While the invention has been described with reference to a preferred embodiment, it will be understood by those skilled in the art that various changes may be made and equivalents may be substituted for elements thereof without departing from the scope of the invention. In addition, many modifications may be made to adapt a particular situation or material to the teachings of the invention without departing from the essential scope thereof. Therefore, it is intended that the invention not be limited to the particular embodiment disclosed as the best mode contemplated for carrying out this invention, but that the invention will include all embodiments falling within the scope of the appended claims.

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Classifications
U.S. Classification335/16, 335/147, 218/22, 335/195
International ClassificationH01H1/18, H01H73/04
Cooperative ClassificationH01H1/2058, H01H1/205, H01H1/18, H01H73/045
European ClassificationH01H73/04B, H01H1/20D2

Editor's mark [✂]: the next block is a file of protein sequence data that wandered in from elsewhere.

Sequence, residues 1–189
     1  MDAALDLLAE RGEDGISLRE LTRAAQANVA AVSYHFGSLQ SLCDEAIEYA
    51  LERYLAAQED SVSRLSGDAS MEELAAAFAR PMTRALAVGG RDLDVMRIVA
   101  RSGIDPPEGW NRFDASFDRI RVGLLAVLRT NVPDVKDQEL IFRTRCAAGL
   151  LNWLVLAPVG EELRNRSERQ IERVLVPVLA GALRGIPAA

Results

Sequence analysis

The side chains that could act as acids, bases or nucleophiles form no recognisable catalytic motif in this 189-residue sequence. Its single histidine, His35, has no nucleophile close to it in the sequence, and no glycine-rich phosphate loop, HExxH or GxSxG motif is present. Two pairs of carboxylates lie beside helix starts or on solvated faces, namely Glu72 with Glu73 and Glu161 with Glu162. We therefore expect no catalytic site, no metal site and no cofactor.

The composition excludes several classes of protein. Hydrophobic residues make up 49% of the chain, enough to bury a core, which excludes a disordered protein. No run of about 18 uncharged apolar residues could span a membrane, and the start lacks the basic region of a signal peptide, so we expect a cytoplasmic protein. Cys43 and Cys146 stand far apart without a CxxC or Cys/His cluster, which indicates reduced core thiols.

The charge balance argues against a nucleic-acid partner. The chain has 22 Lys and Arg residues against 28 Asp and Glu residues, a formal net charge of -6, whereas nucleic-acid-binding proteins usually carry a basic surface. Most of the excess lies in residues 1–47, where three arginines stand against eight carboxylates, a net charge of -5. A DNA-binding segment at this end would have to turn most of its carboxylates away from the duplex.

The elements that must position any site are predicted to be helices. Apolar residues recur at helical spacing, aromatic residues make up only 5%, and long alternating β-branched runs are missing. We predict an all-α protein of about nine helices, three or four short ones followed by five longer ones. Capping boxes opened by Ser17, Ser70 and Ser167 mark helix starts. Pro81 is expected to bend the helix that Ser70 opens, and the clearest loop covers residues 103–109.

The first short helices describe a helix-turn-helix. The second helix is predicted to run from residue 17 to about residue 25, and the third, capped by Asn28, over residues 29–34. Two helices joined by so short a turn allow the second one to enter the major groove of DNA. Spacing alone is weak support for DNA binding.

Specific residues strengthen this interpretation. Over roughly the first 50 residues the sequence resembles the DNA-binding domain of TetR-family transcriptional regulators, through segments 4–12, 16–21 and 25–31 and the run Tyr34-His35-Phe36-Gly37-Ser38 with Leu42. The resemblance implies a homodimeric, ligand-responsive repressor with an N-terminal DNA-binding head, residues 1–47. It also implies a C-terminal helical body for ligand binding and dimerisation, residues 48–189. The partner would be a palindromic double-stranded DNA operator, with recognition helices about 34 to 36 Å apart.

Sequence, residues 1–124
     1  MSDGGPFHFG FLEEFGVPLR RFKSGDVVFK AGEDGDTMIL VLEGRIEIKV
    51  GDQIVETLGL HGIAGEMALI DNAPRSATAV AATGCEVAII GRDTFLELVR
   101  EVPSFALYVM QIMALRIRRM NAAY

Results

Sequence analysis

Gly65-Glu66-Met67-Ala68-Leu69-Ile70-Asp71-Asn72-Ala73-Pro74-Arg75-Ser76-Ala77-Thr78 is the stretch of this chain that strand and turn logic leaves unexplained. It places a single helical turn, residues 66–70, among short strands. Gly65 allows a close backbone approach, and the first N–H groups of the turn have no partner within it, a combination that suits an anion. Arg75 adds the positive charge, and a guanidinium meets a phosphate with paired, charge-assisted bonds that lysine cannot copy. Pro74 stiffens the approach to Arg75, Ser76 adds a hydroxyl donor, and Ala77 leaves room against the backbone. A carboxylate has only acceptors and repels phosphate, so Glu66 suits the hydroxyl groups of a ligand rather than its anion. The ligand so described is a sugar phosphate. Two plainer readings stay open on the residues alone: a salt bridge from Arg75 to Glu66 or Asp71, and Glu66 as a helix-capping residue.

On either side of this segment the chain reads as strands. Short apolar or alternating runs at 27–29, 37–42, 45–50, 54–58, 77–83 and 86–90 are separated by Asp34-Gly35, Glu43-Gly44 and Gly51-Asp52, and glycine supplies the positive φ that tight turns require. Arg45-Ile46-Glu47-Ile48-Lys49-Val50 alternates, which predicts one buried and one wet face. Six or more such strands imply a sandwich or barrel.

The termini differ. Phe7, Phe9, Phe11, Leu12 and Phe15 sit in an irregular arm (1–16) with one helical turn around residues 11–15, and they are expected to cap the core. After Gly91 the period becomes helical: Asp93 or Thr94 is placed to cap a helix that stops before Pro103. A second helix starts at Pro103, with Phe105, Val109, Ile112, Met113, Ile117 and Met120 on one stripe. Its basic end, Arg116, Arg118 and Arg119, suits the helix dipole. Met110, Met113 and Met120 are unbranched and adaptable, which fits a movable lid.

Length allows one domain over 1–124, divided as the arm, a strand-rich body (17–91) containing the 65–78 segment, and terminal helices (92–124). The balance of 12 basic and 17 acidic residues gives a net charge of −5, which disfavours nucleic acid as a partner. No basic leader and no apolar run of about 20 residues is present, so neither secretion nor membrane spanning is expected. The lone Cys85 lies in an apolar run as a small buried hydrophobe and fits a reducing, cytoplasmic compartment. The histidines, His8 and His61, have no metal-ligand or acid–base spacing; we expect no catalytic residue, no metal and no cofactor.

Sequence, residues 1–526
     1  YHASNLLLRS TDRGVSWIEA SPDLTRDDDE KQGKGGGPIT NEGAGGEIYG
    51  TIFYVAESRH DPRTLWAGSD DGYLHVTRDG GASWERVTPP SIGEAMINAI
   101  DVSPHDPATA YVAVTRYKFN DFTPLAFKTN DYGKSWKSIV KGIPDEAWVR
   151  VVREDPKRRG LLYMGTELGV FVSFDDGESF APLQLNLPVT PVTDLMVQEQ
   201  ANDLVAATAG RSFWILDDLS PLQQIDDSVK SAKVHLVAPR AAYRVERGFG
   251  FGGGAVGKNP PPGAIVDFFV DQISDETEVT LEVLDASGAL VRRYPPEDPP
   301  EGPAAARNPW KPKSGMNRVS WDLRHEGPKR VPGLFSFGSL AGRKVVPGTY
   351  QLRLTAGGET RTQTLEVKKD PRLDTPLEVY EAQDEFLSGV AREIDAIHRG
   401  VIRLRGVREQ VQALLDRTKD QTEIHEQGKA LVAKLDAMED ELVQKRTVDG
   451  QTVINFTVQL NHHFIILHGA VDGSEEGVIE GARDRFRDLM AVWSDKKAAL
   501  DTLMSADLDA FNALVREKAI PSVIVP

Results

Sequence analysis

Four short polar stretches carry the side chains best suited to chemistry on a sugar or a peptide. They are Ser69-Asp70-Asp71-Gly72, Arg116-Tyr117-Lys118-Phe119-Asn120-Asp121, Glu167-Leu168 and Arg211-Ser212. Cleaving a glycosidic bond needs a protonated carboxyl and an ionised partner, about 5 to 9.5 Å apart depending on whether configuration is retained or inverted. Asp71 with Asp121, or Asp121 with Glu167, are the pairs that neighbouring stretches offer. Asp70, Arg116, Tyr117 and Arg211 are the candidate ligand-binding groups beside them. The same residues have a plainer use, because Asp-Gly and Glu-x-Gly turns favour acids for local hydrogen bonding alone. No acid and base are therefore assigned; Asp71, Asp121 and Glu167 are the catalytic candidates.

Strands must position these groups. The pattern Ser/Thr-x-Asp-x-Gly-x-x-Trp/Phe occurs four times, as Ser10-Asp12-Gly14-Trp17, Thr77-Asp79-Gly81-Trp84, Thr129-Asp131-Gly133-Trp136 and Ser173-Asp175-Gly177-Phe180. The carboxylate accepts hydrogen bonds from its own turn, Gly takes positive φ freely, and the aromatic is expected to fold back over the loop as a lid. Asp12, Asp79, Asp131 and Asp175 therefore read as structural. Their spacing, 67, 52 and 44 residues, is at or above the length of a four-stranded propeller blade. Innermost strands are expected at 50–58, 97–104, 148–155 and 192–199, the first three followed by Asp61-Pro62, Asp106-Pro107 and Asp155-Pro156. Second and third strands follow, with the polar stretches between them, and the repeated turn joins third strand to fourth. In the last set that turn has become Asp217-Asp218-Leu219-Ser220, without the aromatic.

Legal Events
DateCodeEventDescription
Aug 27, 1999ASAssignment
Owner name: GENERAL ELECTRIC COMPANY, NEW YORK
Free format text: ASSIGNMENT OF ASSIGNORS INTEREST;ASSIGNORS:SCHLITZ, DAN;DOUVILLE, GARY;O KEEFE, THOMAS;AND OTHERS;REEL/FRAME:010207/0350;SIGNING DATES FROM 19990726 TO 19990816
Nov 12, 2003ASAssignment
Oct 18, 2005CCCertificate of correction
Dec 14, 2005REMIMaintenance fee reminder mailed
May 17, 2006FPAYFee payment
Year of fee payment: 4
May 17, 2006SULPSurcharge for late payment
Oct 1, 2009FPAYFee payment
Year of fee payment: 8
Nov 28, 2013FPAYFee payment
Year of fee payment: 12